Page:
Italian director Pier Paolo Pasolini (1922-75) was renowned as a controversial poet, novelist and essayist before he even considered picking up a movie camera. His unique sensibility was shaped by the mystical Christianity practiced by peasants in the region of Friuli, where he spent his youth, as well as Marxism, particularly the variant espoused by Antonio Gramsci, founder of the Italian Communist Party. And then there’s the well-known fact of his homosexuality, which he sometimes experienced as some strange kind of excess grafted onto his being.
Pasolini’s first films, Accatone! (1961) and Mamma Roma (1962), take place among the thieves, pimps and prostitutes of the borgata, the impoverished district on the outskirts of Rome. Next followed Il Vangelo Secondo Matteo (1964), a documentary-style treatment of the Gospel of St. Matthew with a decidedly Marxist bent, and Uccellacci e Uccellini (Hawks and Sparrows, 1967), a picaresque fable starring the clownish Italian actor Toto and a large black crow given to compulsively spouting leftist political jargon. The late ’60s saw his interpretations of the classic Greek dramas Oedipus Rex and Medea, as well as critiques of contemporary families and society in Teorema (1968) and Il Porcile (1969).
The perpetual outsider, Pasolini became increasingly disenchanted with society, especially the values fostered by consumer capitalism, and wrote, “I believe that the past is the only force able to contest the present …” Thus in the early ’70s, he returned to the precapitalist era of the Middle Ages with his extraordinary Trilogia della Vita (Trilogy of Life), a series of three films based on Boccaccio’s Decameron, Chaucer’s The Canterbury Tales and The Arabian Nights.
Il Decameron (1970) takes its visual cues (especially the costuming) from the paintings of Brueghel and Giotto, and consists of nine bawdy tales about love, sin, sex and deception, including one account which weaves its way throughout the second half of the film and features Pasolini himself as a painter who has come to Naples to create a fresco.
The film begins with the story of Andreuccio, a preening youth who’s a little too obvious with his wealth. He is rooked by a young woman claiming to be his long-lost sister and falls into a rigged outhouse. Literally swimming in shit, Andreuccio cries out for help, but is suddenly persona non grata. He next encounters a couple of scoundrels who convince him to climb into the tomb of a recently deceased bishop in order to rob the corpse of his vestments. Predictably, Andreuccio gets sealed in, but another group of thieves soon shows up, ignorant of the surprise that awaits them.
Boccaccio, and Pasolini, were not averse to making fun of the church, as in the tale of a virile young man who feigns muteness in order to be retained as a gardener in a convent and soon finds himself servicing all the nuns — or the tale of a priest who claims he can turn a woman into a mare and, much to his delight, is put to the test.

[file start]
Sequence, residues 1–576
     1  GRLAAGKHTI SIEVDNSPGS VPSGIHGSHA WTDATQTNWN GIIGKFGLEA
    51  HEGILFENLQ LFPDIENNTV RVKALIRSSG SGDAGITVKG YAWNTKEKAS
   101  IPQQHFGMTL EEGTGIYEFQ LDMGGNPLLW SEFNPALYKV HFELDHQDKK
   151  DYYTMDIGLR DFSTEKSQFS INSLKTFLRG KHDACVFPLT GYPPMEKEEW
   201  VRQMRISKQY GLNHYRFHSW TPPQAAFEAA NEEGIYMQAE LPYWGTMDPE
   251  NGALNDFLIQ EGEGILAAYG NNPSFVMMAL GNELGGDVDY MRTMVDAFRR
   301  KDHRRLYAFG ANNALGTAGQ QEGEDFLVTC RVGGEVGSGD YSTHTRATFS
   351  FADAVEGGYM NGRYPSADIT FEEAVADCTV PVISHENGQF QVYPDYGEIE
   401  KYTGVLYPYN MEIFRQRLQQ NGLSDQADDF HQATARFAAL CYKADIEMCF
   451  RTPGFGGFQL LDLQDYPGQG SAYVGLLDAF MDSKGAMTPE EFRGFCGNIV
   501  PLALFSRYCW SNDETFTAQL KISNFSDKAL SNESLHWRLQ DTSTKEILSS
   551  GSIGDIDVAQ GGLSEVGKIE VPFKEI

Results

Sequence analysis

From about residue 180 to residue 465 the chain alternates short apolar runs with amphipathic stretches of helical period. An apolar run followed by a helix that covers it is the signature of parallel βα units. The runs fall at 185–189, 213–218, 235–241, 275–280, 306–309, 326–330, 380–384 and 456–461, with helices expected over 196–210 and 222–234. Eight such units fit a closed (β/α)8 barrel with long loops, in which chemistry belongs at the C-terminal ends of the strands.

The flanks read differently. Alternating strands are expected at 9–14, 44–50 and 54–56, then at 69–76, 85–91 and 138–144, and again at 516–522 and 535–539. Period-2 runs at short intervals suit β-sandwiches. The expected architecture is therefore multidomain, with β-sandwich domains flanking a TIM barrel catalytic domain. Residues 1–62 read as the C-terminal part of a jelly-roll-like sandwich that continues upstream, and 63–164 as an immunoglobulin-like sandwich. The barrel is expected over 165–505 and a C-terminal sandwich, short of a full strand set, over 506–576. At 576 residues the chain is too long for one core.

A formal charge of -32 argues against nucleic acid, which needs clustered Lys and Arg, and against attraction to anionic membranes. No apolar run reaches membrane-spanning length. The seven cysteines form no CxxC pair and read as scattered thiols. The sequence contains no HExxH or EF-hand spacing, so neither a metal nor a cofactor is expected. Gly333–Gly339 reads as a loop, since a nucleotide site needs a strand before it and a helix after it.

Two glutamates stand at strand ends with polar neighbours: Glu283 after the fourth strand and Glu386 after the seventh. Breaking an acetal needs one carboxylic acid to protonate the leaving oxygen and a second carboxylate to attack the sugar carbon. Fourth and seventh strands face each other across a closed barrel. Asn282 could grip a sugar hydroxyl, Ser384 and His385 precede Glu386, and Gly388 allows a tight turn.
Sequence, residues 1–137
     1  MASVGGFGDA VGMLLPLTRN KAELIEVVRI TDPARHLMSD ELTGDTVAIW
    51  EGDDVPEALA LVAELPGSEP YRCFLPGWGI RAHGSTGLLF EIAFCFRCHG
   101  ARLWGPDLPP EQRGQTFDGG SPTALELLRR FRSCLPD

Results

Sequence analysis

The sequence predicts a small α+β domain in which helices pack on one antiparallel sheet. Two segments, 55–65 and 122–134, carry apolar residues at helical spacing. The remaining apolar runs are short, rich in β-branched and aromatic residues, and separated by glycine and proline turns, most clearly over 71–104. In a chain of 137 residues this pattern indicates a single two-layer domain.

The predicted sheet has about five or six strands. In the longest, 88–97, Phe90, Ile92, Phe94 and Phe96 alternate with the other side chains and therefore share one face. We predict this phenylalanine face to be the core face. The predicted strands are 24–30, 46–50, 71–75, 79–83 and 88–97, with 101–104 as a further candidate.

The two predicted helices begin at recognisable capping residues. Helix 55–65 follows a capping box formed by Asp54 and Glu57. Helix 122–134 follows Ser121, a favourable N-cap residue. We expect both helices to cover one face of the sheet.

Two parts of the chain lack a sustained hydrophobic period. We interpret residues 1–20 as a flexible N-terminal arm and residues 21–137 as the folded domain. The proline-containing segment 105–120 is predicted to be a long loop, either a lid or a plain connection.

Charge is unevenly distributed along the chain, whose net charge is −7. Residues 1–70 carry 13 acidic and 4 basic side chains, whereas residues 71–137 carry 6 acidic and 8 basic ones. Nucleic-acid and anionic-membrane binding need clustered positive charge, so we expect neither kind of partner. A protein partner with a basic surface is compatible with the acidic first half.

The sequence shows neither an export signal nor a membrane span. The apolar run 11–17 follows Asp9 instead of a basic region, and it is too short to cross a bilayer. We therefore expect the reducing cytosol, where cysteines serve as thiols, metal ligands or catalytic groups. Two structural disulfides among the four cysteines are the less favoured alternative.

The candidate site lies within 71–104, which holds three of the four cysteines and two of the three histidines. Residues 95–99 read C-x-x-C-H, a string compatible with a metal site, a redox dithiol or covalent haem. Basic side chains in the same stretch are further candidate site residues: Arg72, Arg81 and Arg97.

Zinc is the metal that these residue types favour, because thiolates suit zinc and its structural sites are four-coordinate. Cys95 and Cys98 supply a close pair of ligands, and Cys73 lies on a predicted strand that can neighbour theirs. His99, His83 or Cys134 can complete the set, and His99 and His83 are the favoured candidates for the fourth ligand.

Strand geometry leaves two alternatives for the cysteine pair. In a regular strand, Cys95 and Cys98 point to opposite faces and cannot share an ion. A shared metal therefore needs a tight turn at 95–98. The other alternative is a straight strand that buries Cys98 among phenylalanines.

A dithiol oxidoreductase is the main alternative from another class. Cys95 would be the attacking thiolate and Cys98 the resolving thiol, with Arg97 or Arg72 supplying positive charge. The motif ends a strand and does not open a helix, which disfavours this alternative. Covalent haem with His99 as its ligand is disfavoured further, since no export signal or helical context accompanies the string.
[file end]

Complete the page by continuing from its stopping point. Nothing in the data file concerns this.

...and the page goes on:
If Il Decameron is suffused with the grace and charm of the Mediterranean, I Racconti di Canterbury (1971), filmed in rural England, is a much darker, pessimistic film, and features the public burning of a homosexual on “the griddle,” someone’s ass getting reamed with a red-hot poker, thieves dying in their own vomit and shit, and Pasolini’s astonishing re-creation of hell based on the paintings of Hieronymus Bosch, replete with copulating demons and a devil who farts friars out of his ass.
Yet I Racconti di Canterbury is not all darkness, for there’s also a lighthearted homage to Chaplin, the trickster-tramp played by Pasolini’s curly-haired friend, Ninetto Davoli, whose presence in a Pasolini film always indicates innocence and joy.
After the travails of Canterbury, Il Fiore delle mille e una notte (Arabian Nights, 1974) is like a deep draught of honey wine, for the trilogy concludes on a note of sensual ecstasy in what is surely Pasolini’s most beautiful film. Filmed in Eritrea, Yemen, Iran and Nepal, Pasolini’s palette dazzles, his camera lingering on golden baskets and textiles, yellow-ochre desert sands, the bright white robes and whitewashed mosques of the villagers, bronzed glistening skin and indigo night skies.
The film begins with the auctioning of the beautiful slave Zumurrud. With great wit and intelligence she insults all the bidders, finally choosing the penniless boy Nur ed Din as her master. After initiating him sexually and kindling their great love, she is separated from him and adopts male garb in order to travel safely through the desert. Mistaken for a man, she is made king of a desert city, and the rest of the story concerns Nur ed Din’s search to be reunited with his love.
The trilogy was phenomenally successful commercially, less for any aesthetic reasons than for the abundance of nudity on the screen. (Pasolini’s celebration of the male body remains unique.) After completing the films, Pasolini publicly repudiated them, saying he had only contributed to the commodification of the body, and concluded that “artists must create works so extreme they become unacceptable to even the broadest minds.” He achieved such a work with his final film, Salo o le 120 giornate di Sodoma (Salo or the 120 Days of Sodom, 1975), a formally exquisite allegory of total degradation based on the work of the Marquis de Sade.
In 1975, Pasolini was brutally killed, the exact circumstances of his murder never satisfactorily explained.Deborah Hochberg writes about film for the Metro Times. E-mail her at firstname.lastname@example.org
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